JL: Well I guess in the past it wasn't that I felt particularly limited…(pause) My band makes fun of me so hard because when the record came out we got a write-up in Guitar World and, first off I'm not good at guitar at all and at the time I didn't own a guitar or an amp, I was borrowing someones guitar and plugging into whatever I could. I've never had a lot of stuff around, but I'll always have a microphone on me, and I used to intern at recording studio in Austin so sometimes I'll go back and play on those. But I guess in the past I thought of myself as making lo-fi or tape music, but songs are songs, some of my favorite records ever are Five Leaves Left by Nick Drake or Ys by Joanna Newsom. So I just couldn't imagine a scenario where I'd ever have access to a symphony, so thats why meeting Jake was so great because he's got a classical background but is so down to do experimental music. If you see him play he gets so into the music and is so emotive; we wrote and recorded all the violin parts in less than a week and it was such a great process where sometimes I'd know exactly what I wanted but other times I would just say I wanted it to get really powerful here and he'd be like “Okay, here is what needs to happen. Do you want me to bow this dramatically or as a fiddle?” Working together and learning each others languages was incredible and both of us were totally in shock that it sounded good afterwards, we were like “This sounds like some of our favorite records!” we were so ecstatic about it.
MD: So how does that carry over to the next record?
JL: As far as the next one I'm a little overwhelmed because I think if I asked the label for a children's choir to sing on the next record they'd probably be able to help me hook it up, so for me to be no longer limited by anything it makes me afraid to start writing the next record.
MD: So then what is your biggest fear in that regard?
JL: Um, well I guess it's something that is also talked about commonly, but I've never really had an audience to think about before. It has always been that I have a thing I want to say, then I say it and then as a byproduct people hear it, some like it and some don't. Then with this one, not only do I know that thousands of people will hear it, but I also know that the company or label will have invested money into the project and are going to be really hoping to make it back. It's only in the very back of my mind but it's there, commercial viability. I've been talking to my partner a lot about it and I think, maybe, we need to make a really silly record and get it out of my system, not even call it Mutual Benefit but Little Doggy’s or something, make some Moldy Peaches pop album and then I think I'll be able to be serious about music again.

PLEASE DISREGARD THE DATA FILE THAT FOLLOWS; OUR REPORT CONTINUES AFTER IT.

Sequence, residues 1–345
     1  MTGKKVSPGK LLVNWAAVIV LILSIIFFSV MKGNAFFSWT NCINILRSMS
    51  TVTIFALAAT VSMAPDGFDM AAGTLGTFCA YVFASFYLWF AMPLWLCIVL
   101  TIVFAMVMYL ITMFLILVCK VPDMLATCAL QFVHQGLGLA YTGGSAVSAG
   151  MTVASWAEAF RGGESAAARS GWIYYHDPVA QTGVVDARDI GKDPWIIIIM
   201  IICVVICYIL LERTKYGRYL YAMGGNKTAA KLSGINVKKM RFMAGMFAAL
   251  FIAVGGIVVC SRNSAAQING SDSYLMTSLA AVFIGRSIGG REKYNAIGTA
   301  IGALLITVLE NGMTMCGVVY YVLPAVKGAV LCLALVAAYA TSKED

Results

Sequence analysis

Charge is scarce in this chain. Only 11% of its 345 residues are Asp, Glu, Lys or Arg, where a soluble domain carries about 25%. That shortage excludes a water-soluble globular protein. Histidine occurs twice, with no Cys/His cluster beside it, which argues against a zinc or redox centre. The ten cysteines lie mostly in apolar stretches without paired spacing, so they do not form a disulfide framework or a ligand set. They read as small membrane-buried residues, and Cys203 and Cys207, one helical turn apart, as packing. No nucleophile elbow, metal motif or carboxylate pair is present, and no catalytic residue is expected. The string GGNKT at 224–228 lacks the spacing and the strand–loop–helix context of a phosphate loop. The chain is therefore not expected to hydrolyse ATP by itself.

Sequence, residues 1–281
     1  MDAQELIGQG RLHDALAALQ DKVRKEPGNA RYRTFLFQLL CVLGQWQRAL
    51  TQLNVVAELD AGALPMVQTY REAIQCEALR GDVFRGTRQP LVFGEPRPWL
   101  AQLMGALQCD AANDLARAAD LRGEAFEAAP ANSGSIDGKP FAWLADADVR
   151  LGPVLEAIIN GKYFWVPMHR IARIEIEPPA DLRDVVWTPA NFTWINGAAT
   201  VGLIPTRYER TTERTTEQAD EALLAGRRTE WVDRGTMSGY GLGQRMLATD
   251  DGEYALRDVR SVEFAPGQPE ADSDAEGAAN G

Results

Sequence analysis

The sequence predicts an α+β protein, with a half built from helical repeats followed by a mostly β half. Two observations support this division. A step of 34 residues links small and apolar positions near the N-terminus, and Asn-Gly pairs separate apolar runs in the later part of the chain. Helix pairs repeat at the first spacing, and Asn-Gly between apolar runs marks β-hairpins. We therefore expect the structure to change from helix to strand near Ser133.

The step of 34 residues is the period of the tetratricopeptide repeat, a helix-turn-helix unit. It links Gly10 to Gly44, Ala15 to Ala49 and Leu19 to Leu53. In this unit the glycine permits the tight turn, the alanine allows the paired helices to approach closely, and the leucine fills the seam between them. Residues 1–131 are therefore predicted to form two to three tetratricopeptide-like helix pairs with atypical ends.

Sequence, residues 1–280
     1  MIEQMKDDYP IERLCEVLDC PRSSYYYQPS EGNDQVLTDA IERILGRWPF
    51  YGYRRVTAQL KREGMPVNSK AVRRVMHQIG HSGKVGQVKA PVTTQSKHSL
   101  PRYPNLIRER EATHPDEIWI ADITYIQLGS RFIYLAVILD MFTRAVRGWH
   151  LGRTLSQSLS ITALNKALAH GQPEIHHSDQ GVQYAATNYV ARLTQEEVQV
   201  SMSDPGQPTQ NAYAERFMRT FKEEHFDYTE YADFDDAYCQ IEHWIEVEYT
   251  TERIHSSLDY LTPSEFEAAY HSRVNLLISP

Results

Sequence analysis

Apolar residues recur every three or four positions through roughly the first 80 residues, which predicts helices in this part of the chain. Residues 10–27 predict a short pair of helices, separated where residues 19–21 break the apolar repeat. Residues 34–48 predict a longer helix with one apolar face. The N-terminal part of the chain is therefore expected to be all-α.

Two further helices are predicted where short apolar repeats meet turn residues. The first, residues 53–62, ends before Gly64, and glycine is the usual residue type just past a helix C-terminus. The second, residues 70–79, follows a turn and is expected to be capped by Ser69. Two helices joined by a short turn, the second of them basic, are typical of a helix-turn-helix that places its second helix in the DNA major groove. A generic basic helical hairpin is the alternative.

MD: Listening to your catalog I found myself thinking about time a lot and while listening to Love's Crushing Diamond again before coming here I was thinking of time as just a narrative tool used to individualize or distinguish yourself. So do you believe in time?
JL: Yeah! (Laughs) It's funny cause thats a word and a concept that I didn't think about at all throughout the album. There is one lyric about time “the tyranny of the minute hand” but then Devon Welsch of Majical Clouds, on a website where artists write about other artists records, wrote this really long, also kind of Nietzschean essay about Love's Crushing Diamond and it was all about time and about how my love of talking about rivers was really about the ebb and flow of time. He made a really compelling argument for it and I was like “shit, maybe I am doing that but just didn't know it.” So that caught me totally off guard, but I do think that is something that I think about a lot. Sometimes I think people like you and I, who run from city to city, I think part of it is because when I'm in a spot for too long then moments are less significant and a week will go by and I don't know what even happened. Where as if you're having new experiences and meeting new people time will feel really full and your life feels really rich for a while. I guess I do think about time a lot.